The former AMC Como 8 Theatres at Cheektowaga's Appletree Business Park will come back to life next month offering a fresh combination of new ownership, discount movies and less expensive concessions.
The AppleTree 6 Theatres will make its debut on Feb. 18 as an independently run movie house, operated by two long-time AMC managers who see a lot of promise in their new venture. Gary Haak, president of newly formed JGM Entertainment, said when the Como 8's screens went dark in September, it left that area without a second-run cinema.
"We think this place has a lot of life in it. It's the only discount house to the south of Buffalo, so we can draw from a wide audience," Haak said.
The AppleTree 6 will be one of just two discount movie houses in the Buffalo market, the other is North Buffalo's Super Saver Cinema. The reopened theater will also help fill any movie gap created by the December closing of the eight-screen General Cinema complex at Cheektowaga's Thruway Plaza.
Haak, who managed the Como 8 for AMC from 1975 through 1986, is teaming with Jim Maisano, who ran the complex from 1990 through its fall closing.
"Between the two of us we have 20 years experience running this facility and over 50 years in the theater business working for AMC. We feel we're really in a great position to make this work," he added.
AMC shuttered the Como 8 four months ago as part of a corporate strategy to get out of the second-run movie business, while reducing its stable of "small" theaters. The company targeted some 450 of its eight to 16 screen complexes for closing so it can concentrate on development and operation of so-called "megaplex" theaters offering movies on as many as 25 screens.
Haak said attendence figures at the Cheektowaga theater were never an issue for AMC.
"Even near the end, when they were paying less attention to what movies they were booking at the Como, movie-goers were still coming in pretty good numbers. If we can maintain similar counts, we're in a great position to build the audience," Haak said.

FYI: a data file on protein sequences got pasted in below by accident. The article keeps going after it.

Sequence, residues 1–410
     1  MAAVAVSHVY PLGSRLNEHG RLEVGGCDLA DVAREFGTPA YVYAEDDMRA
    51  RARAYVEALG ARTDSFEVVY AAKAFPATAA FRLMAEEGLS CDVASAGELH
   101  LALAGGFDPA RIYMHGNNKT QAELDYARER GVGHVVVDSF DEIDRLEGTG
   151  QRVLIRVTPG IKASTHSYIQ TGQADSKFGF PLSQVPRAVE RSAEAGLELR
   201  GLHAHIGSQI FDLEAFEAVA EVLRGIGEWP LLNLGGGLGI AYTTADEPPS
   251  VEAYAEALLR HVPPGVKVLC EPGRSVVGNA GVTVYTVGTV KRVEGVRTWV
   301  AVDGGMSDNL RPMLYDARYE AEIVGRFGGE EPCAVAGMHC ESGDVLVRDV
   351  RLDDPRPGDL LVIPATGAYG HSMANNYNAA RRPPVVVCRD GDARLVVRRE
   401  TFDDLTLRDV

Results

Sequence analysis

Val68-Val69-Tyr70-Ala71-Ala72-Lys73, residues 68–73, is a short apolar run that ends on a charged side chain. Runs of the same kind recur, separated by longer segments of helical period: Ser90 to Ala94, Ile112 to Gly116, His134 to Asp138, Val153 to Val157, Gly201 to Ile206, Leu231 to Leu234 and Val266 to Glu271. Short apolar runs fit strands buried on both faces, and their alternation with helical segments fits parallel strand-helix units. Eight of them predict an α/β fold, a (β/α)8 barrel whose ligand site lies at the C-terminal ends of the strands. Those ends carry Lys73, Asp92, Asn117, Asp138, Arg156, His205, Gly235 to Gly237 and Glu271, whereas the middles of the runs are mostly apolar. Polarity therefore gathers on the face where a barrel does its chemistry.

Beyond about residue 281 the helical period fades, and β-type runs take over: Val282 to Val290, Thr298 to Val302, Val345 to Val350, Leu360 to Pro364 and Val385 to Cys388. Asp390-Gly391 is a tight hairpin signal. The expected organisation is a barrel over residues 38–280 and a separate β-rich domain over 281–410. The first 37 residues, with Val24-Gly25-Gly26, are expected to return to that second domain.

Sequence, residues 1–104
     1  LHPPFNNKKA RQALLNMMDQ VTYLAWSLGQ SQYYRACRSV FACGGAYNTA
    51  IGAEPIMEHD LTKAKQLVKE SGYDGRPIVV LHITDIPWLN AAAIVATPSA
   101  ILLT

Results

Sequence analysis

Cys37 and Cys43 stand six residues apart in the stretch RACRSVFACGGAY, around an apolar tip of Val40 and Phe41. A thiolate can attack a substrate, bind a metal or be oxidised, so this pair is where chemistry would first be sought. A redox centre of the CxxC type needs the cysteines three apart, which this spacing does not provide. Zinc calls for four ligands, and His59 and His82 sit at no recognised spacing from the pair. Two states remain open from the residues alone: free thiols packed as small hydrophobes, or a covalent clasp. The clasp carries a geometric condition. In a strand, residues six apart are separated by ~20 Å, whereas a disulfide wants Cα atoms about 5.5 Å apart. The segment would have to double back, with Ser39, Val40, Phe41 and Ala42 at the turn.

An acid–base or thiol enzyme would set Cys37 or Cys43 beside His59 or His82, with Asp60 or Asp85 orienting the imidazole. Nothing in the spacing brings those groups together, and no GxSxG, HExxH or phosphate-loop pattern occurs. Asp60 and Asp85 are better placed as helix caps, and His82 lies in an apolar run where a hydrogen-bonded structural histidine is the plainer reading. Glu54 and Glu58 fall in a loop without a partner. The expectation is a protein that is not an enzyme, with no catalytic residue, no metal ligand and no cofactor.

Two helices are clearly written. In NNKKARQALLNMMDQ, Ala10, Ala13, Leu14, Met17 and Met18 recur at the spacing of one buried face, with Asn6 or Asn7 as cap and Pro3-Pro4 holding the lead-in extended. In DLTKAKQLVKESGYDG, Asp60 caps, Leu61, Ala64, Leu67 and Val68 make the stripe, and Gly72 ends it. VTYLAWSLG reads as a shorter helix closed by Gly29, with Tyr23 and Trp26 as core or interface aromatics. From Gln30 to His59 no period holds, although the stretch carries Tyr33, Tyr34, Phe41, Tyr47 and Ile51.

In addition to $2 screenings of second-run films -- movies which have come off the screens of first-run houses, but not yet entered the realm of video -- the AppleTree 6 will offer tasty deals on concessions. For example: small servings of soda and popcorn will be priced at $1.25, compared to the $2.09 AMC had formerly charged.
"If you go to a first-run theater, you'll end up paying at least $10.50 for the ticket and the smallest drink and popcorn; at AppleTree 6, you can get all that for $6.50," Haak said.
Ciminelli Development Co., which manages the Appletree Business Park, is upbeat about the return of movie-goers to the one-time retail center-turned office park, even though they didn't expect to sign a theater tenant.
"We weren't marketing the space as a theater," said Jim Dentinger, Ciminelli's vice president for leasing. "We expected to redevelop the space for business tenants, then out-of-the-blue these two quality theater managers walked in. It's a nice outcome."
Ciminelli will, however, be redeveloping a portion of what had been 27,000 square feet of theater complex into office use, as the new owners will be operating a six-screen house, not the eight-screens run by AMC.
With opening night less than three weeks away, the new theater operators are hurrying to complete a number of physical improvements to the center. Movie-goers will be greeted by refurbished ticket and concessions stands, a fresh color scheme and new carpeting throughout the building.